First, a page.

Sadly, some festivals never even get off the ground. The rap-heavy, four-day, overly ambitious XO Festival in Northern California’s East Bay was cancelled just days before its July 12 kickoff. Country musician Sam Hunt was behind the Nashional, an odd mix of country, rock, and hip-hop scheduled for two days in April in Nashville and then cancelled in March. Karoondinha was set to debut near State College, Pennsylvania; organizers booked Chance The Rapper, John Legend, and Odessa but failed to meet their lofty expectations. “There’s an oversaturation of festivals all over the country,” Kaleena Rallis, the inexperienced Karoondinha co-founder, told Billboard after the cancellation — although there’s evidence the event was mismanaged. The most infamous of the losers is the Fyre Festival, billed as a luxury experience at the Exuma Cayes in the Bahamas. Incompetence, not market conditions, downed Fyre Festival, however. Co-producer Billy McFarland has pleaded guilty to misleading investors and committing wire fraud; he will be sentenced later this month.
Of course, not all failed festivals suffer from poor execution. Goldenvoice, a veteran company owned by AEG Live, the second-largest concert promoter behind Live Nation, promoted and then cancelled FYF Fest. Programming may have been the cause: headers Janet Jackson and Florence And The Machine were supported by My Bloody Valentine, St. Vincent, the Breeders, the xx, and a dozen or so other indie artists. The cancelled Lost Lake Festival’s co-promoter, the well established Superfly Productions, is behind two significant brands, Bonnaroo and Outside Lands in San Francisco. The inexperience of the Karoondinha founders is an understandable reason for cancellation. Goldenvoice and Superfly are great promoters whose faults are operating in an inherently risky business. Sometimes you win, sometimes you lose.
Here’s where things get murky, though. Overcrowding might cause a festival to affect another festival. Or maybe not. One might say Forecastle Festival in Louisville, Kentucky has eroded Bonnaroo’s attendance. However, both festivals have the same promoter, Knoxville, Tennessee-based AC Entertainment. After a decade of growth from a small gathering in 2002, Forecastle brought on AC as a co-producer in 2011. And it might appear Atlanta’s SweetWater 420 is competing with Shakey Knees because they occur a month apart — except they both have the same founder and promoter. Nevertheless, competitive forces clearly exist and promoters are picking their bets based on geography. For example, Goldenvoice, the Southern California music promoter owned by AEG Presents and Live Nation’s largest competitor, entered into a joint venture with Hangout’s owners in 2015. It’s difficult to imagine Hangout, with stages placed directly on Gulf Shores’ beautiful beaches, hasn’t lured some fans that would have otherwise attended Bonnaroo.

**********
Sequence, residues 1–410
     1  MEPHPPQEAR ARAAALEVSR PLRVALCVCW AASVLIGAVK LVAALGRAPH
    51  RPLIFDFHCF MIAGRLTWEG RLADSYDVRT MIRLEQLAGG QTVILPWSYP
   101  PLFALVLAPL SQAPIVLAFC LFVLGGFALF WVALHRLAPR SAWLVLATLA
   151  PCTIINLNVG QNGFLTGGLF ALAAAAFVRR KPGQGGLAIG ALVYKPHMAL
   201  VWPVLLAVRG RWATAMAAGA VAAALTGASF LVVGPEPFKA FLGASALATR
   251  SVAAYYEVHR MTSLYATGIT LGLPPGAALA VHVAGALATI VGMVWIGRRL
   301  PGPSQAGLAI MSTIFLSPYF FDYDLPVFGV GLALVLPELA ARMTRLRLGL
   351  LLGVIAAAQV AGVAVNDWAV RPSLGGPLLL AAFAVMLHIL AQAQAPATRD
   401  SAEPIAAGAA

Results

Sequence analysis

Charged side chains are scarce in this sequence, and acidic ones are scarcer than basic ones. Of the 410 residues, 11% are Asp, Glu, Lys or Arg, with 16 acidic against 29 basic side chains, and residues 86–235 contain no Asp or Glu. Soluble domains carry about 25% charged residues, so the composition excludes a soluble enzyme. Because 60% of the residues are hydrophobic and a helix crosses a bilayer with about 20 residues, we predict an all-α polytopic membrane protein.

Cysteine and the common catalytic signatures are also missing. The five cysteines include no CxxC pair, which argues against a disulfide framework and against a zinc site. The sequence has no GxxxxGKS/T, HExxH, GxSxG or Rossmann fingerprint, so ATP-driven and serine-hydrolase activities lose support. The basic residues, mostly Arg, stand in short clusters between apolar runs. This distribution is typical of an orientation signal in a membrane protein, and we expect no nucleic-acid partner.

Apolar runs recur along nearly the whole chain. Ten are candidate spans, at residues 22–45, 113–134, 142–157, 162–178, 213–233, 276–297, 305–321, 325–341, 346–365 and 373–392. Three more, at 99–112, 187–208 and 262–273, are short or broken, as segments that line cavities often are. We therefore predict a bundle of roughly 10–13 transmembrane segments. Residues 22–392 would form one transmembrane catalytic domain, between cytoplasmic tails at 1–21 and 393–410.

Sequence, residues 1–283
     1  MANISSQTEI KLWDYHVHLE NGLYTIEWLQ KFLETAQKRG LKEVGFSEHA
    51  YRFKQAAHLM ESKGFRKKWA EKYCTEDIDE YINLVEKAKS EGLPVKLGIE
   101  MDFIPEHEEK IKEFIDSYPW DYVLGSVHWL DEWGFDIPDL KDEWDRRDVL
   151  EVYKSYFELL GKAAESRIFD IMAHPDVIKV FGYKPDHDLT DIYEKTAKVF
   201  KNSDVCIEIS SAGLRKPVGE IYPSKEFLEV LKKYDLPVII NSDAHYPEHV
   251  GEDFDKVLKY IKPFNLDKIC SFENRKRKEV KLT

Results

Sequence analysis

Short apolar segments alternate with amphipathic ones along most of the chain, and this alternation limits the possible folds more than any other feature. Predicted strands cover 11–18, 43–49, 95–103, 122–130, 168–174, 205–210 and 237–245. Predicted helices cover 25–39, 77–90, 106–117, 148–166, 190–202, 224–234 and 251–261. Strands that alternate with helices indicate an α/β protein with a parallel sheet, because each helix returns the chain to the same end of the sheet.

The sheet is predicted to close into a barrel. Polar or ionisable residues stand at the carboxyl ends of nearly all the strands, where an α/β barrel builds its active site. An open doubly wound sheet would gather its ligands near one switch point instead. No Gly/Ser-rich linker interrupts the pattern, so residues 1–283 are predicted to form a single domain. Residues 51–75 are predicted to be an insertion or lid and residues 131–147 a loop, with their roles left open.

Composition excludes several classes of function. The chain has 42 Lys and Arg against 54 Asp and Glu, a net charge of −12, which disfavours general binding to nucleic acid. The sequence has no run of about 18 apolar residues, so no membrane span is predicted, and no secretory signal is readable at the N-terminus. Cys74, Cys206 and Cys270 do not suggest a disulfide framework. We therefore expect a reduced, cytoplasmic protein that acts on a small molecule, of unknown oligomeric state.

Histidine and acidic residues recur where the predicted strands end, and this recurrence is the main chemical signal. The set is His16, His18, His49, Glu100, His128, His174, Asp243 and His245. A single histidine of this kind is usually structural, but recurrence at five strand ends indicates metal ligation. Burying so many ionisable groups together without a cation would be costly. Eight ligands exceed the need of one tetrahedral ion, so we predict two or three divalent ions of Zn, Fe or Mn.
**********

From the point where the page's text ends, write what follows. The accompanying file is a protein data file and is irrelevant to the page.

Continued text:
Now, one could argue, “Yes, well the best festivals are still around.” That’s true. But given the glut of festivals, even a brand name can feel the effects of newcomers. Consider the situation of Bonnaroo Music & Arts Festival, located an hour southeast of Nashville. Held in early June, Bonnaroo was a trailblazer when it launched in 2002 by AC Entertainment and Superfly Productions. Over the next few years, critics hailed Bonnaroo as a cultural touchstone and one of America’s top music festivals. Needless to say, it was the place to be in early June. In its formative years, Bonnaroo skewed heavily toward rock and jam band acts like Widespread Panic and Trey Anastasio. Over the years, organizers booked more rock and hip-hop artists while adding the occasional legend like Paul McCartney and Bruce Springsteen. Ticket sales peaked at 85,000 in 2011 when Arcade Fire, Lil Wayne, and Eminem appeared. As fans tastes changed, Bonnaroo updated the programming by adding EDM. This year, Bassnectar stood near the top of the bill.